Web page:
Since Trump first played host to Xi at his Florida estate last April, he has said he is counting on Xi to do the right thing with North Korea, alternately praising and prodding the Chinese leader about enforcing tougher UN sanctions.

    To his frustration, however, Xi has stopped short of targeting Kim with unilateral sanctions that would threaten his regime, send refugees into China and raise the possibility of a Korean Peninsula under control of the South, a US ally.

    China supplies much of North Korea’s energy; almost all of its crude oil flows in an 18-mile pipeline from the port city of Dandong, under the Yalu River, into the North Korean town of Sinuiju.

    Trump has offered Xi an unspoken quid pro quo that Washington would hold off on major trade action against Beijing, despite the president’s strident criticism of China’s trade practices.

    “Trump somewhat naïvely calculated that China would be more helpful on North Korea if he was ‘magnanimous’ on trade; I doubt Beijing sees it that way,” said Matthew P. Goodman, a political economist at the Center for Strategic and International Studies and an adviser on Asian economics in the administrations of Barack Obama and George W. Bush.


    At the start of this trip, Trump administration officials denied the president was willing to make concessions on trade in the hope of extracting what was needed on North Korea. But the president is also not calling on China to make any significant moves to open its markets, preferring to put the spotlight on big-ticket deals for US companies.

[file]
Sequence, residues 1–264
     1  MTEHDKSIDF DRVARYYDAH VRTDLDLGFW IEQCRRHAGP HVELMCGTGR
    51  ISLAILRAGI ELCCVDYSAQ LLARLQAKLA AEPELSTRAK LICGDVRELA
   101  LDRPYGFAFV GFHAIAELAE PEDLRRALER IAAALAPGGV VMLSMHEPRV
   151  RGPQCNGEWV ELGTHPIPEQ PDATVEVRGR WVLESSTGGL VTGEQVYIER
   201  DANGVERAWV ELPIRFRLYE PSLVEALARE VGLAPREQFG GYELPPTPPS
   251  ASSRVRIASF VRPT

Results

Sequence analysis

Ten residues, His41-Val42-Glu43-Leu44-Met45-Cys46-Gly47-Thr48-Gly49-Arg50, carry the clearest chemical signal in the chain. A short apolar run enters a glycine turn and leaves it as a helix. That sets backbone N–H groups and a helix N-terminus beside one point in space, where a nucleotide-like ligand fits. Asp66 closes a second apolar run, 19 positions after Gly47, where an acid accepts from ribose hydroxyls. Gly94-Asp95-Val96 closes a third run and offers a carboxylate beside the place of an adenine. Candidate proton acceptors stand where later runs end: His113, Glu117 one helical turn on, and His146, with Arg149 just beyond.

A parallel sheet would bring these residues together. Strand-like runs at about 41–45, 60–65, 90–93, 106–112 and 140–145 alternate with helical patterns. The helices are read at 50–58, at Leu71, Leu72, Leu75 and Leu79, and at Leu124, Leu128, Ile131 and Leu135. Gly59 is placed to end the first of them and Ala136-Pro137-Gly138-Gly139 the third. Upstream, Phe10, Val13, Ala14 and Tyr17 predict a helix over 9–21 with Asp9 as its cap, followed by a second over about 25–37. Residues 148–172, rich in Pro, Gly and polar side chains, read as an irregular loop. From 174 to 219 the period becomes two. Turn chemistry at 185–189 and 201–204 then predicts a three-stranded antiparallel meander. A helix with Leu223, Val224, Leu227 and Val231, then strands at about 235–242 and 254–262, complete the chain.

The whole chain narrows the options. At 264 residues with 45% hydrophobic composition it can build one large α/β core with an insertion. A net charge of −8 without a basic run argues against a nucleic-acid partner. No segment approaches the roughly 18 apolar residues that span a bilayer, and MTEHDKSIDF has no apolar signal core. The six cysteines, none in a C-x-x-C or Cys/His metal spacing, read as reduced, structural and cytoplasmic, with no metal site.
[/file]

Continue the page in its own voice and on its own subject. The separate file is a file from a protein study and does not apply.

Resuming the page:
Some China experts said Trump failed to understand the limits of Chinese influence on the North. Although China fought alongside the North against the United States in the 1950-53 Korean War and remains its chief economic patron, the two countries are barely friends.

    Some Chinese call the relationship a “fake alliance.” The two militaries have no working relationship. Early in his rule, Kim executed his uncle, Jang Song-thaek, who had served as the primary conduit between the North and China’s senior leadership.

    China’s influence on North Korea may have been further eroded by Xi’s decision last month to restore relations with South Korea, a move that deepened the North’s suspicions.

    For more than a year, China had encouraged a boycott of South Korean goods and downgraded relations in protest over the deployment of a US-made missile defense system. But China relented last month and allowed South Korea to keep the system.